NEF analysis suggests huge future costs to taxpayer of Southampton airport and its flights

New analysis by the New Economics Foundation (NEF) has calculated the cost to society of the carbon emissions generated by UK aviation, and UK airports. These are the costs of the impacts of an altered climate, on infrastructure, extremes of weather, water and energy etc. NEF has used the new carbon values, set out by the government in September 2021. Instead of costing the societal damage done by 1 tonne of carbon at a bit of £70, the price has been put at between a low of £124 to £240 as a medium price, for 2022. Those numbers rise steeply up to 2050 (prices after that have not been considered).  That means most airport expansion schemes, including Southampton’s, are likely not to be viable, and the economics need to be re-calculated. For Southampton, NEF says that just looking at the 2021 prices, the carbon cost to society would not be £421 million (2025 – 2050) by more like £921. And of the £921 only £212 million would be paid in traded emissions. That leaves £742 which would be the cost to the taxpayer – as the cost of an expanded Southampton airport, with more flights and more passengers.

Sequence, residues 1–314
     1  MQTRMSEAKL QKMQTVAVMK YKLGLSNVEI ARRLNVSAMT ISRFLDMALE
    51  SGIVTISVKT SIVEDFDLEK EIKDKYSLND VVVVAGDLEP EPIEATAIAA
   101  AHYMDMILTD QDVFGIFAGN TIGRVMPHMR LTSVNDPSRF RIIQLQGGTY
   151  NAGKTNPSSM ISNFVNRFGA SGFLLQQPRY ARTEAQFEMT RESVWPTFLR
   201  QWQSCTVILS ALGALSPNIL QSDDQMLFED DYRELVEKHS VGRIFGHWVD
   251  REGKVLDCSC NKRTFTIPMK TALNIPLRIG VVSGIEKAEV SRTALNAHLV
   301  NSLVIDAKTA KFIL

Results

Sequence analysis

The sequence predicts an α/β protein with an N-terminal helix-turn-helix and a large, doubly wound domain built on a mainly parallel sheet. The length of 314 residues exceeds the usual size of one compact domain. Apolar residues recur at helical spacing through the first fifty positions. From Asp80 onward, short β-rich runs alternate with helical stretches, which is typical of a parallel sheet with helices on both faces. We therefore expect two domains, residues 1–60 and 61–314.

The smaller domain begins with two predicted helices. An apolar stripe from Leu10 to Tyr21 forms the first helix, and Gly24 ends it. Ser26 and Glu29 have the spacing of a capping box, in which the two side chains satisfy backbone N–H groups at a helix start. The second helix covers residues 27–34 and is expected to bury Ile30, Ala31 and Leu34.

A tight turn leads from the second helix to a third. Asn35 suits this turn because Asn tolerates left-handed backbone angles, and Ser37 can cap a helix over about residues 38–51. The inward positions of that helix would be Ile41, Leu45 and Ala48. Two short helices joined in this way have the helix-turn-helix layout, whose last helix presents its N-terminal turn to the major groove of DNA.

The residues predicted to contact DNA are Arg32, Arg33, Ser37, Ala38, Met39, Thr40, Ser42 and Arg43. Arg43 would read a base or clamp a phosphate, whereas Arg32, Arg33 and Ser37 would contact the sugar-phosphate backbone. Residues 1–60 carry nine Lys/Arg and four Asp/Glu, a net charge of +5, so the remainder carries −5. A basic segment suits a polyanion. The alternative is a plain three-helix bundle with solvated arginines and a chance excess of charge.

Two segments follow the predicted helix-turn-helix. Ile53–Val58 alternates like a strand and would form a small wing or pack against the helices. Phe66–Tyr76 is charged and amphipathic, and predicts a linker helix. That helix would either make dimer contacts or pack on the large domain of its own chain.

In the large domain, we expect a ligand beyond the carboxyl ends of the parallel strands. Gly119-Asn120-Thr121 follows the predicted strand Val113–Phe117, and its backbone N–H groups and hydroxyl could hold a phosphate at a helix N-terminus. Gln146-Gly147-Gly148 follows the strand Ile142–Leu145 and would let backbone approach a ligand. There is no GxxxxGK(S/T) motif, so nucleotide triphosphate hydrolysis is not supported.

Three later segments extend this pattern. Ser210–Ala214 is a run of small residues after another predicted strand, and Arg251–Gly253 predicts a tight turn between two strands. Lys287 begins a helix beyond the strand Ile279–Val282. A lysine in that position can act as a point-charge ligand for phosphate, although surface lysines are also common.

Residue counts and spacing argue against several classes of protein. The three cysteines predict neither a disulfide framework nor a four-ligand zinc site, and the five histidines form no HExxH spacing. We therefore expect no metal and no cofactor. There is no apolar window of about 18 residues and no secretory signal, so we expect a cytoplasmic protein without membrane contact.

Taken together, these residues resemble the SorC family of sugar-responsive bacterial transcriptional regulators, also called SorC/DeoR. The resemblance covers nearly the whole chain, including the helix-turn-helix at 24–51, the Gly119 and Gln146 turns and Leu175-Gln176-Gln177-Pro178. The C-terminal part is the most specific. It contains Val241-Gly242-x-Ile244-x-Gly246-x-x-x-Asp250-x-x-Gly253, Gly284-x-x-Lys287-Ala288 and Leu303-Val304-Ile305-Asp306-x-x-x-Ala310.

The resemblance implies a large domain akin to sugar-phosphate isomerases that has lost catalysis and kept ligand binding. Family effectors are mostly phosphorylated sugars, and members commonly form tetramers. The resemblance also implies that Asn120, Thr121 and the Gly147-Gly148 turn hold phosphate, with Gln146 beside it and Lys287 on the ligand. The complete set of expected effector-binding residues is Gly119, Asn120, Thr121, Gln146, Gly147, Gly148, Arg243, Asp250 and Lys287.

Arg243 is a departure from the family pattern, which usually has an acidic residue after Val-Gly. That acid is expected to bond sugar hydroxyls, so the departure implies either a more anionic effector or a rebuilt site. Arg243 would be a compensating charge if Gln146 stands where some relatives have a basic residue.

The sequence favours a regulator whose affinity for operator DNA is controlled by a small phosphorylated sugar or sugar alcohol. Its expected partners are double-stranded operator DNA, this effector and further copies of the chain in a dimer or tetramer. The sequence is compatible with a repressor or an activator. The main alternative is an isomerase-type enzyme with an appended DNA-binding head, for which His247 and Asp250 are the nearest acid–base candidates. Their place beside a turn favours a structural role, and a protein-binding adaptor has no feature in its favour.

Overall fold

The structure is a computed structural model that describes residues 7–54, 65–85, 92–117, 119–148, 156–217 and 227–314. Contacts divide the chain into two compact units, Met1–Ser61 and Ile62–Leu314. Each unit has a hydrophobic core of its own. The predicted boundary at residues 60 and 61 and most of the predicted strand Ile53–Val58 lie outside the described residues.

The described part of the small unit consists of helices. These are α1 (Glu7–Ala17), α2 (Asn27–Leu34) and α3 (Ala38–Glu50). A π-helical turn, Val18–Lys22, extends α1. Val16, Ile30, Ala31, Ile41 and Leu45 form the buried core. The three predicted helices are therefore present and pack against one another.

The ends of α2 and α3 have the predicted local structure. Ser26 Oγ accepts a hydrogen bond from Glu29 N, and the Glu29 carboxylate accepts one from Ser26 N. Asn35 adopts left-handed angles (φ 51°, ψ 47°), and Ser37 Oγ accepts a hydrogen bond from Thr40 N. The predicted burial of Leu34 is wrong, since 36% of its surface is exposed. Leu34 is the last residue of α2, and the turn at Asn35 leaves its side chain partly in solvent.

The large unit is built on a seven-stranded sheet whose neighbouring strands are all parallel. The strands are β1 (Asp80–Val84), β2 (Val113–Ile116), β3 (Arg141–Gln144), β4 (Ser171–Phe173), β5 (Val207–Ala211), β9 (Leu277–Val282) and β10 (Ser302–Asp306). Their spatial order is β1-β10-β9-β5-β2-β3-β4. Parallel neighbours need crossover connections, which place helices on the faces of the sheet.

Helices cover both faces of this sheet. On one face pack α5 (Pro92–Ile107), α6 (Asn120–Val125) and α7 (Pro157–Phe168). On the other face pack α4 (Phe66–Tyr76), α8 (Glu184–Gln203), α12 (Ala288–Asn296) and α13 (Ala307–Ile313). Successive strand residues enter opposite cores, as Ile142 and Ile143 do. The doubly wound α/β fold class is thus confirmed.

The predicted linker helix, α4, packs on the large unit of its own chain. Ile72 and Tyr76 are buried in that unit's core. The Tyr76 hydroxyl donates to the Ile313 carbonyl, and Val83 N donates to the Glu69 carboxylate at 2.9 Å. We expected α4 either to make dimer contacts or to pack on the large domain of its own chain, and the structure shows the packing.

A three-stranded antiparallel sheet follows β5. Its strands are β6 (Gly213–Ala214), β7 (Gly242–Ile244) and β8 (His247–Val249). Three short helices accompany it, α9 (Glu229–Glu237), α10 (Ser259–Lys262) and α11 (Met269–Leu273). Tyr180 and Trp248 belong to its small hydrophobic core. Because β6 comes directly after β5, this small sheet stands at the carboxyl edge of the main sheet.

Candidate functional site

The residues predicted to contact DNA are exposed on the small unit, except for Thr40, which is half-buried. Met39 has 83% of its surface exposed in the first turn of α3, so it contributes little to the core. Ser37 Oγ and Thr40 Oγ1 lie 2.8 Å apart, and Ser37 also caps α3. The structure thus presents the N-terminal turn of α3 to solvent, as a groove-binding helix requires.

Think tank: Airport expansion will cost you £742 million

by Stephen Slominski  (Eastleigh News)

January 28, 2022

New analysis shows planning application underestimated true cost of carbon clean up says New Economic Foundation

Eastleigh’s Councillors approved the extension of the airport runway north towards the town centre – Pic: Google Earth.

An Independent national think-tank says the cost of cleaning the extra carbon emissions generated at Southampton Airport as a result of extending its runway has been underestimated and will end up costing tax-payers £742 million.

The New Economics Foundation has released its latest analysis using new government guidance which they say shows the true climate cost of Eastleigh Borough Council’s decision to green light airport expansion plans in April last year.